A Midsummer Night’s Dream
Probably composed in 1595 or 1596, A Midsummer Night’s Dream is one of Shakespeare’s early comedies, but can be distinguished from his other works in this group by describing it specifically as the Bard’s original wedding play.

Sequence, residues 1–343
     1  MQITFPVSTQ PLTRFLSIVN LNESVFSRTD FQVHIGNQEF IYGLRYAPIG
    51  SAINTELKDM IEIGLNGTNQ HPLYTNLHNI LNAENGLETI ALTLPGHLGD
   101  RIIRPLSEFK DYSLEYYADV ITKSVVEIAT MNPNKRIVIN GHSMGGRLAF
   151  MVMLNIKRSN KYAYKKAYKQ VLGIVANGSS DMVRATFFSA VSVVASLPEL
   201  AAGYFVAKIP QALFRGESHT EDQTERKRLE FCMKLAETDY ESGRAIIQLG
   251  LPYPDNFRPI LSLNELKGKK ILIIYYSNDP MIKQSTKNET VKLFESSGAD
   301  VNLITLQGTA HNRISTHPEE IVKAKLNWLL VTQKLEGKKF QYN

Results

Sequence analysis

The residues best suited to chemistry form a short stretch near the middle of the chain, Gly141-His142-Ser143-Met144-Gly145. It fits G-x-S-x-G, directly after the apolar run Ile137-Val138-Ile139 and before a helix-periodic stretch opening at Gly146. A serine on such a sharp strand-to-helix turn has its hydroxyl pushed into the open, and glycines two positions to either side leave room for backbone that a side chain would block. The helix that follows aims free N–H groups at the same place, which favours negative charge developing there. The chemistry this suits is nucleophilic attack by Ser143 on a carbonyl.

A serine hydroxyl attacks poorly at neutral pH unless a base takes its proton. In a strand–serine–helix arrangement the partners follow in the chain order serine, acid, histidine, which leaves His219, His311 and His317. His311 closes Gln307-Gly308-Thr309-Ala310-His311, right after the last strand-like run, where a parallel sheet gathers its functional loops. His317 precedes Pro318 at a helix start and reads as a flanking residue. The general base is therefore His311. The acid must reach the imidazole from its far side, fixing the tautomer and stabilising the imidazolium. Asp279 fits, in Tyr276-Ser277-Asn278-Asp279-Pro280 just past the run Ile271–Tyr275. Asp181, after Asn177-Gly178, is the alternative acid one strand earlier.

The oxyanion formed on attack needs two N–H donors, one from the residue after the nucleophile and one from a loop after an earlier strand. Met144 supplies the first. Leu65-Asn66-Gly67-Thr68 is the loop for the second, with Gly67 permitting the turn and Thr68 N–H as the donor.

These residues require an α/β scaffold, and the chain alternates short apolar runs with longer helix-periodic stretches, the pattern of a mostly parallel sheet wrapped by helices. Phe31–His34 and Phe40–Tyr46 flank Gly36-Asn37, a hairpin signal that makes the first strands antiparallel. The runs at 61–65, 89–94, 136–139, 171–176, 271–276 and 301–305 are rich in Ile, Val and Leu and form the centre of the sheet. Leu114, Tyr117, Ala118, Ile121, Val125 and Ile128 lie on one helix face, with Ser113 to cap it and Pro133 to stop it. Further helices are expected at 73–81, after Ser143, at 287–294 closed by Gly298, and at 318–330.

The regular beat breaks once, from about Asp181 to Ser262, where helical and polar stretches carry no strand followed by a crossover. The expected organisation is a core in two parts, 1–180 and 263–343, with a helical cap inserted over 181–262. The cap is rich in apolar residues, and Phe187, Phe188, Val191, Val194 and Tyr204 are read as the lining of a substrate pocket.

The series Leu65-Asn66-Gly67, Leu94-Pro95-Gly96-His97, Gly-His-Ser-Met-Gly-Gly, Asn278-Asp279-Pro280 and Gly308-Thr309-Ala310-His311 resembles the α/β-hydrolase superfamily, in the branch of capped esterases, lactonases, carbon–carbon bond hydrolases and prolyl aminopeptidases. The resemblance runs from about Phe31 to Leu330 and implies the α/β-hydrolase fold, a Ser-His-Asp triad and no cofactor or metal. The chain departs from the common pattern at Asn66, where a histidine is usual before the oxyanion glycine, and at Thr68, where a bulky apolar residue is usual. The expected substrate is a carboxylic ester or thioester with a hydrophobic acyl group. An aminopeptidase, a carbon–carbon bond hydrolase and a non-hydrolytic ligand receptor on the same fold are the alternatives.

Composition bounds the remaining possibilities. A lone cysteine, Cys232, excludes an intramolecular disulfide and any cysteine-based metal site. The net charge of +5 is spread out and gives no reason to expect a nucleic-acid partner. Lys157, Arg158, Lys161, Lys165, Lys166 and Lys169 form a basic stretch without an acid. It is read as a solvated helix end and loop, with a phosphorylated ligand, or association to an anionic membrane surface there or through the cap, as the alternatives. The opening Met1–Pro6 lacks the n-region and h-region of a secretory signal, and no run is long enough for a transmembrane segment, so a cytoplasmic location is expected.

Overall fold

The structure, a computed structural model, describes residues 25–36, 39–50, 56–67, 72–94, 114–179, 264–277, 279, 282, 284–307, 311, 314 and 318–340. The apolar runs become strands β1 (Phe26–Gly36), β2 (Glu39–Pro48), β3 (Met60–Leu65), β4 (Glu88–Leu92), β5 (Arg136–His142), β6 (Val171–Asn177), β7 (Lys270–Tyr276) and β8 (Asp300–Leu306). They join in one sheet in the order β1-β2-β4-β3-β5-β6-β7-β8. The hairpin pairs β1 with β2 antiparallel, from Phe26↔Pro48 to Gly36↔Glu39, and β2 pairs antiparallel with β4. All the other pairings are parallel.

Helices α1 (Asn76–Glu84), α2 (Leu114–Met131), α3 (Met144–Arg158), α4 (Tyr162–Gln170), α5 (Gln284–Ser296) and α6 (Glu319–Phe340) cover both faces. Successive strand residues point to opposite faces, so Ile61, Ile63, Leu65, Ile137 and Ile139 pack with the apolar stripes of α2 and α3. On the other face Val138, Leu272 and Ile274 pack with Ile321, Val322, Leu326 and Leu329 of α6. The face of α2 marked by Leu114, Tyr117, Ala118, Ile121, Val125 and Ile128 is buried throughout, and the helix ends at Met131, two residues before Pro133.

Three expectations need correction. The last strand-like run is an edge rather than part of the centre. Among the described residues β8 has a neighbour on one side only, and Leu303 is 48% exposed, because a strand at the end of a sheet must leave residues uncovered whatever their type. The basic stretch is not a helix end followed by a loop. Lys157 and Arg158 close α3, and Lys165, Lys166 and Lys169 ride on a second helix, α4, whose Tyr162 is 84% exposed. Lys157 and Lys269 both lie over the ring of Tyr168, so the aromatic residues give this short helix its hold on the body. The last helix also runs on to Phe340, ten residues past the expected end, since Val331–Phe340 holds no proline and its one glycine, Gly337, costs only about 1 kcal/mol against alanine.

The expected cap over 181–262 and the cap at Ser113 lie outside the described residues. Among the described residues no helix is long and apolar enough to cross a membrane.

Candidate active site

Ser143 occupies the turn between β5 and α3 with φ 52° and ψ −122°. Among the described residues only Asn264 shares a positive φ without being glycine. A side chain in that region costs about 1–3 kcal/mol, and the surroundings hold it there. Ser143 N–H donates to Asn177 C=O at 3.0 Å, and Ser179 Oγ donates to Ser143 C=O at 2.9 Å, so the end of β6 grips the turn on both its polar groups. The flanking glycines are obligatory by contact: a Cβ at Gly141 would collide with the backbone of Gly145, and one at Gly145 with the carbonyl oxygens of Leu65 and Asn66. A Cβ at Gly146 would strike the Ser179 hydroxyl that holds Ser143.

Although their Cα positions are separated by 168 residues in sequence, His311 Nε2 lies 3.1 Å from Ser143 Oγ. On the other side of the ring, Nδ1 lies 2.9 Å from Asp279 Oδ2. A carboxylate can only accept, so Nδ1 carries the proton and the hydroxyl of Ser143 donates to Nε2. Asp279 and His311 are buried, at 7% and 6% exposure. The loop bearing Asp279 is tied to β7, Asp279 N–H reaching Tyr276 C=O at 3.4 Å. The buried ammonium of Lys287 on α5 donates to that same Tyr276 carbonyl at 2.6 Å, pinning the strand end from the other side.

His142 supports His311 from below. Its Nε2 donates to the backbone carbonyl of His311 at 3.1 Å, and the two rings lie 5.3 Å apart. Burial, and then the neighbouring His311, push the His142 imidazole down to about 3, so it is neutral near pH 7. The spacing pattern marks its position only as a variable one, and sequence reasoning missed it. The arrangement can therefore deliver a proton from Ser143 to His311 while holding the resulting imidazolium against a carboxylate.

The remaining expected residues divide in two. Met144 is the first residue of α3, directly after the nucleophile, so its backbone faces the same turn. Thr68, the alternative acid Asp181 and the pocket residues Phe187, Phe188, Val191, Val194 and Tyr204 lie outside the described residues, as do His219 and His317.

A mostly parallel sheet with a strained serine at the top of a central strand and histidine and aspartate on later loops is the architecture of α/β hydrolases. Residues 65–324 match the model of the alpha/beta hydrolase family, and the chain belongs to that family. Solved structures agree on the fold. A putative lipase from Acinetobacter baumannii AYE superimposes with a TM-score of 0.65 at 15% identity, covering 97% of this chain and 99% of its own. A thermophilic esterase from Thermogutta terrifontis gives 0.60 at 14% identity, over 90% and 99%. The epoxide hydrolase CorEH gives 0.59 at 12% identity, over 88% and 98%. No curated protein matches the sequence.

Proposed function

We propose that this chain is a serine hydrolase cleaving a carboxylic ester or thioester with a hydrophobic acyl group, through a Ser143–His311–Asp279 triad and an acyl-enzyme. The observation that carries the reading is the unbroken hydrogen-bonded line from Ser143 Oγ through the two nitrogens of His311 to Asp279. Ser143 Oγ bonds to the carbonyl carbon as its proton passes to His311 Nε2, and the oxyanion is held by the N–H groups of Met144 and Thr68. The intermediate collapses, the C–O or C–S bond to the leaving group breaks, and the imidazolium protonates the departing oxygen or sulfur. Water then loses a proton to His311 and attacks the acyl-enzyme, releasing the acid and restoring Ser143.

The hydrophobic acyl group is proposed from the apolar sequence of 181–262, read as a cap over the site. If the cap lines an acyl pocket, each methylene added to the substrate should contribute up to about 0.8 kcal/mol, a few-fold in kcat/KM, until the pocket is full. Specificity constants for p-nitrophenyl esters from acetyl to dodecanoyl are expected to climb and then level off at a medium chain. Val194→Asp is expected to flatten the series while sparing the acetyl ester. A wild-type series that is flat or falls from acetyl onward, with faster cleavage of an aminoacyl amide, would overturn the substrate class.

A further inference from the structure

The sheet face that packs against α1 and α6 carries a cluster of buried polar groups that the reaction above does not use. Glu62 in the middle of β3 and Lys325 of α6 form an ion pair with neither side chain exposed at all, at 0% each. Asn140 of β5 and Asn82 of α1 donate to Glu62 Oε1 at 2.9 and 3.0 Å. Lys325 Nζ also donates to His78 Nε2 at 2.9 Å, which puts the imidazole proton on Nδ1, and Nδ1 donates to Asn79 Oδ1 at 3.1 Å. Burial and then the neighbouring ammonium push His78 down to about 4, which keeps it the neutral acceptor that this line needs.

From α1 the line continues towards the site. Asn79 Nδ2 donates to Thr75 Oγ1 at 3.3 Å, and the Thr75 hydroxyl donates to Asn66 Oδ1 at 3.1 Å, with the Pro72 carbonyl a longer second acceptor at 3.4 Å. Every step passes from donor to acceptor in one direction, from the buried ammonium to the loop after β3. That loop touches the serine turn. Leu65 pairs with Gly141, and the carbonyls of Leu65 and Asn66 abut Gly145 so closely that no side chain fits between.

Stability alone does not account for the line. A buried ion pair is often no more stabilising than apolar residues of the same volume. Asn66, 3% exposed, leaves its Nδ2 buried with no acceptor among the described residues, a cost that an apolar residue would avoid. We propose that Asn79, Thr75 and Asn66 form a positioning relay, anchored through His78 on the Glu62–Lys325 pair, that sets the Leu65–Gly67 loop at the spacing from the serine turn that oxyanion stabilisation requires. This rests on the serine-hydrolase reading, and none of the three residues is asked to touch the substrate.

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Probably composed in 1595 or 1596, A Midsummer Night’s Dream is one of Shakespeare’s early comedies, but can be distinguished from his other works in this group by describing it specifically as the Bard’s original wedding play. Most scholars believe that Shakespeare wrote A Midsummer Night’s Dream as a light entertainment to accompany a marriage celebration, and while the identity of the historical couple for whom it was meant has never been conclusively established, there is good textual and background evidence available to support this claim. At the same time, unlike the vast majority of his works (including all of his comedies), in concocting this story, Shakespeare did not rely directly upon existing plays, narrative poetry, historical chronicles or any other primary source materials, making it a truly original piece. Most critics agree that if a youthful Shakespeare was not at his best in this play, he certainly enjoyed himself in writing it. The main plot of Midsummer is a complex contraption that involves two sets of couples (Hermia & Lysander and Helena & Demetrius) whose romantic cross-purposes are complicated still further by their entrance into the play’s fairyland woods where the King and Queen of the Fairies (Oberon & Titania) preside and the impish folk character of Puck or Robin Goodfellow plies his trade. Less subplot than a brilliant satirical device, another set of characters — Bottom the weaver and his bumptious band of “rude mechanicals” — stumble into the main doings when they go into the same enchanted woods to rehearse a play that is very loosely (and comically) based on the myth of Pyramus and Thisbe, their hilarious home-spun piece taking up Act V of Shakespeare’s comedy.